04.06.14 2:05 PM ET
Just Joking? Bugged Russian Ambassadors Want to Annex Alaska and Miami
Which territory should Russia annex next? A couple of Moscow’s ambassadors in Africa allegedly joked about that on the phone, according to a leak that sounds like the latest skirmish in the battle of intercepts. Forget “all these limitrophes,” one said, referring to territories on the Russian border; they’re “shit.” And maybe the European Union would like to give back Romania and Bulgaria. No. Better for Russia to annex Venice, Catalonia or Alaska (all of which have well-publicized if improbable secessionist movements). But best would be “Californialand” and especially “Miamiland,” where, one of the ambassadors said with some exaggeration, but perhaps not much, almost 95 percent of Russian citizens are living already. (The two voices on the line cracked up.)
The jokes in this phone conversation circulating on the Internet did not really surprise anybody in Moscow. After a state channel news presenter, Dmitry Kisilyov, reminded his audience that Russia is the only country in the world capable of turning the United States into “radioactive dust,” the idea of annexing, say, Scotland, did not really sound too shocking. In fact, jokes about conquest have become quite common lately.
In the seemingly tapped phone conversation posted on Youtube a voice described as that of Igor Chubarov, the Russian ambassador to Eretria, was laughing with his colleague, Sergei Bakharev, the Russian ambassador to Zimbabwe about the outcome of a United Nations vote declaring the Crimean referendum opening the way to Russian annexation invalid. Chubarov was a little embarrassed by Eretria’s decision to abstain, while Bakharev was chuffed that Zimbabwe supported Russia.
The alleged Chubarov voice says he’s taken to telling the other heads of mission in Eritrea that he has a very simple approach to the U.N. Just keep repeating: “Guys, we’ve taken away Crimea but it’s not the fucking end. [laughter] In the future we’ll take away your [laughter] Catalonia, Venice, as well as Cattleland [Scotland], and Alaska. And we’ll never rest content with that.” More laughter. The two alleged ambassadors spiced their jokes with foul language.
A former Kremlin insider, Stanislav Belkovsky, was neither surprised about the rude language used in the audio nor the passion for conquest in the jokes. “Authorities think that by rejecting America as the world’s policeman, they win, but they do not realize that if tomorrow something terrible happened to, say, the Russian embassy in Rwanda, they might need the American policeman to help them,” Belkovsky told The Daily Beast.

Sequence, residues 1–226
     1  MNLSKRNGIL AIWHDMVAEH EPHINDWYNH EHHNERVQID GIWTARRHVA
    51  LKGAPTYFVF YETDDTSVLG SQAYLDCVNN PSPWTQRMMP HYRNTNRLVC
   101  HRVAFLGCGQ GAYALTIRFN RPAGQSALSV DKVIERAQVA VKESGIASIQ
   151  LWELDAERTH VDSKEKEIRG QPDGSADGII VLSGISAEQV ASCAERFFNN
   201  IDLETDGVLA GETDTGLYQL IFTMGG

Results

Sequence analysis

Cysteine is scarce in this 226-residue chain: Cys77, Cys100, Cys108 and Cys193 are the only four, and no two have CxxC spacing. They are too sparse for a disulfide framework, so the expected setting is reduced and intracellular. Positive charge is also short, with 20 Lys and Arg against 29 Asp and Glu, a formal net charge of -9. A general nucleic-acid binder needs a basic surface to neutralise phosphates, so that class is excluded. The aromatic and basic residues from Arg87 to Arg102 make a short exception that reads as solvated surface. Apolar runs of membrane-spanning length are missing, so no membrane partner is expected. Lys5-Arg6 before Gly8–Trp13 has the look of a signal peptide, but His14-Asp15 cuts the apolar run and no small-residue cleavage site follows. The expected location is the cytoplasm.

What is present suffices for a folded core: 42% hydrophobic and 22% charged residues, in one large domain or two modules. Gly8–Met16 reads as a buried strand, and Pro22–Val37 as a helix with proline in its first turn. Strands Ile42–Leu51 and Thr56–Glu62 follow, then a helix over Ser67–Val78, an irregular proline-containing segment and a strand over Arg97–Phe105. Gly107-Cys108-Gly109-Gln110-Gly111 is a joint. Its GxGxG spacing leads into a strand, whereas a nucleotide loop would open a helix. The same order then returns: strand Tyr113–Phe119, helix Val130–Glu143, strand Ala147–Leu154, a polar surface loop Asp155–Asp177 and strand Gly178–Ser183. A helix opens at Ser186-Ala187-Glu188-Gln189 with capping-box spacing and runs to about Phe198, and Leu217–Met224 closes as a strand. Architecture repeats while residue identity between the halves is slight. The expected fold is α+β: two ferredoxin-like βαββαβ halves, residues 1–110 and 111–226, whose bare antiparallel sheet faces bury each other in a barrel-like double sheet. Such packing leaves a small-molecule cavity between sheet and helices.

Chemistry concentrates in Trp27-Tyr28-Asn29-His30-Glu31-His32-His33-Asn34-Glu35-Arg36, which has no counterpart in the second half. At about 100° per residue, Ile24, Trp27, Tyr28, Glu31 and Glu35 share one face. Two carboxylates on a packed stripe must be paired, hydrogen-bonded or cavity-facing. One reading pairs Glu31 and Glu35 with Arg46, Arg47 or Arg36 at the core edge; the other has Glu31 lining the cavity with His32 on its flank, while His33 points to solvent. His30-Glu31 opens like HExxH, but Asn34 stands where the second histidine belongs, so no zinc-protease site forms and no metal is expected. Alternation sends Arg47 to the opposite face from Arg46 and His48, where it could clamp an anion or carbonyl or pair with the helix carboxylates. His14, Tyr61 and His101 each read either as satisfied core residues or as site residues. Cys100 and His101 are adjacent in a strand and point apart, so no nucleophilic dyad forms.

Even listeners of the liberal Echo of Moscow radio station often make jokes these days bragging about the Russian Federation taking away more territories populated by Russians. Those territories would include Brighton Beach, said a caller on Saturday with the radio’s host Olga Bychkova. As for the originality of the audio conversation of the two diplomats, Bychkova had her doubts: “Even I, with my average knowledge of audio editing could take any recorded speech and change the context of it the way I needed,” Bychkova told The Daily Beast.
The Russian ministry of foreign affairs denied everything about the audio recording and claimed even the photographs illustrating the conversation were inaccurate. A source quoted by Itar-Tass agency referred to the fake audio as a “rough and cynical” attempt to distract public attention from scandals around audios by Western diplomats.
Provocative leaked recordings appearing on YouTube have provoked several scandals in the past few weeks of information war between Ukraine and Russia. Last month, a leaked phone conversation was posted on YouTube that recorded Estonian Foreign Minister Urmas Paet sharing his suspicions with the EU's foreign policy chief Cathy Ashton that provocateurs were behind the Maidan sniper shootings. Another scandalous recording had the U.S. diplomat Victoria Nuland saying, memorably, “fuck the E.U.” After another leaked recording in late March, the presidential candidate Yulia Tymoshenko denied that she ever said that 8 million Russians living in Ukraine should be destroyed with nuclear weapons.
As the conflict between Russia and the West continues, more provocative audio leaks are sure to come, and there is a grain of truth in every joke. The rough exchange by the two alleged Russian ambassadors did not, after all, contradict the flow of thinking and desires shared by many in Russia. The latest Levada Center social shows 48 percent of Russians expect their country to become a strong, “frightening and respected” empire once again.
And that, truly, is no joke.